- Hobbema, Meindert
- Dutch, 1638 - 1709
Meindert Hobbema, considered in the twentieth-century as one of the most characteristic and highly valued Dutch landscape painters of the seventeenth century, is not mentioned in a single seventeenth-century literary source. The earliest reference to his work occurs in Johan van Gool's 1751 lexicon of Dutch artists, where Hobbema is mentioned in passing as having painted "modern landscapes."
The artist was baptized as Meyndert Lubbertsz. in Amsterdam on October 31, 1638. His parents were named Lubbert Meynerts and Rinsje Eduwarts. Although he signed his name M. Hobbema on paintings as early as 1658, he only used his baptized name on legal documents until 1660. The reasons for this use of the name Hobbema are unknown. In July 1660, the landscape painter Jacob van Ruisdael testified that Hobbema had "served and learned with me for a few years." The apprenticeship may have begun around 1658, shortly after Ruisdael moved to Amsterdam. Nevertheless, the impact of Ruisdael's work on Hobbema is not apparent until after 1660. Hobbema's earlier work seems more closely related to the lighter and more delicate landscapes of Jacob's uncle Salomon van Ruysdael (1600/03-1670) than it does to Ruisdael's.
Hobbema's relationship to Jacob van Ruisdael must have remained close during the 1660s, both personally and professionally. Many of Hobbema's compositions produced during this period evolve from those of his master, and in 1668 Ruisdael was a witness at Hobbema's marriage to Eeltien Vinck. Vinck was a kitchen maid to Lambert Reynst, a burgomaster of Amsterdam, and through this connection Hobbema seems to have been awarded the well-paid position of a wine gauger of the Amsterdam octroi. After his marriage Hobbema painted relatively infrequently. He outlived his wife and five children and was buried a pauper at the cemetery of the Westerkerk, Amsterdam, in 1709 at the age of 71.
Although Broulhiet attributes about 500 paintings to Hobbema in his monograph, many of his attributions cannot be defended. A number of the paintings he gives to Hobbema are by contemporaries who painted in similar styles, as for example Jan van Kessel (1641-1680). Others are probably nineteenth-century imitations painted at a time when Hobbema's style was extremely fashionable. Nevertheless, a range of quality does exist in paintings whose attribution to Hobbema seems justifiable. While we have no documentary evidence about Hobbema's workshop practices, it seems likely that he had assistants working with him under his direct supervision producing variations of his own compositions. He also utilized a number of staffage specialists to paint small figures in his landscapes. [This is an edited version of the artist's biography published, or to be published, in the NGA Systematic Catalogue]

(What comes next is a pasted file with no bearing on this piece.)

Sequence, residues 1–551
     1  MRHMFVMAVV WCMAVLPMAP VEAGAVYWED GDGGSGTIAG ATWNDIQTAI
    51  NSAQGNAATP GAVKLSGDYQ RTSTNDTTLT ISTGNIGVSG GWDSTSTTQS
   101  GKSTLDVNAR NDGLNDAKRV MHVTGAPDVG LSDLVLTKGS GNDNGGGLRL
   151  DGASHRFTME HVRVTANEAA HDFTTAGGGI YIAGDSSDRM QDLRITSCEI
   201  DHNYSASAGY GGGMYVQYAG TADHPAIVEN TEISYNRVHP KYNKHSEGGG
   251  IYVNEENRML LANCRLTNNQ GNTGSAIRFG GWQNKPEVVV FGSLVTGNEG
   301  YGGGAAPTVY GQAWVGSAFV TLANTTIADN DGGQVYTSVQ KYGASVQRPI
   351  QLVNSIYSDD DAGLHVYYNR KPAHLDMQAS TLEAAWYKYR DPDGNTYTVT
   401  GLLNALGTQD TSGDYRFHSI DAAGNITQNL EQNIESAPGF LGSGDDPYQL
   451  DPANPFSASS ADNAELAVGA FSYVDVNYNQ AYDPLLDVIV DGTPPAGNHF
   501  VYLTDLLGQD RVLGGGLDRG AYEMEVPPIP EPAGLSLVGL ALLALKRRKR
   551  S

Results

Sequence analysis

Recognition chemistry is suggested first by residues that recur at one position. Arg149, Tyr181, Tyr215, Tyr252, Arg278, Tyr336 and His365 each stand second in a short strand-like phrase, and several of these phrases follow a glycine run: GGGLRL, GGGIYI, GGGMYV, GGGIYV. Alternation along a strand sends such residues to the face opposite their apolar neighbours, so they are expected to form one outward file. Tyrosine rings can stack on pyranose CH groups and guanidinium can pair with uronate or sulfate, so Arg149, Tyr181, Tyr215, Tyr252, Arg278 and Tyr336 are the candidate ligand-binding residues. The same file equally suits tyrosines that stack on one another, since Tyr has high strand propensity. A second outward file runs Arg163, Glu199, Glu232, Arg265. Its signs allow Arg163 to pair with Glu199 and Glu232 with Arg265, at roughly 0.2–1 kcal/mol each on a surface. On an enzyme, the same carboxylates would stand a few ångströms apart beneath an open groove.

- Van Gool, Johan. De Nieuwe Schouburg der Nederlantsche Kunstschilder en Schilderessen. 2 vols. The Hague, 1751: 2:490.
- Smith, John. A Catalogue Raisonné of the Works of the Most Eminent Dutch, Flemish and French Painters. 9 vols. London, 1829-1842: 6 (1835):109-163, 9 (1842):719-729.
- Cundall, Frank. The Landscape and Pastoral Painters of Holland. London, 1891.
- Bredius, Abraham. Uit Hobbema's laatste levensjaren. Oud-Holland 28 (1910):93-106; 29 (1911):124-128; 33 (1915):193-198.
- Rosenberg, Jacob. "Hobbema." Jahrbuch der Preussischen Kunstsammlungen 48 (1927): 139-151.
- Broulhiet, Georges. Meindert Hobbema (1638-1709). Paris, 1938.
- Stechow, Wolfgang. Dutch Landscape Painting of the Seventeenth Century. National Gallery of Art Kress Foundation Studies in the History of European Art, no. 1. London, 1966: 76-80, 127-128.
- Sutton, Peter C., et al. Masters of Seventeenth-Century Dutch Landscape Painting. Exh. cat. Rijksmuseum, Amsterdam; Museum of Fine Arts, Boston; Philadelphia Museum of Art. Boston, 1987: 345-354.
- MacLaren, Neil. The Dutch School, 1600-1900. Revised and expanded by Christopher Brown. 2 vols. National Gallery Catalogues. London, 1991: 1:175.
- Wheelock, Jr., Arthur K. Dutch Paintings of the Seventeenth Century. The Collections of the National Gallery of Art Systematic Catalogue. Washington, D.C., 1995: 112.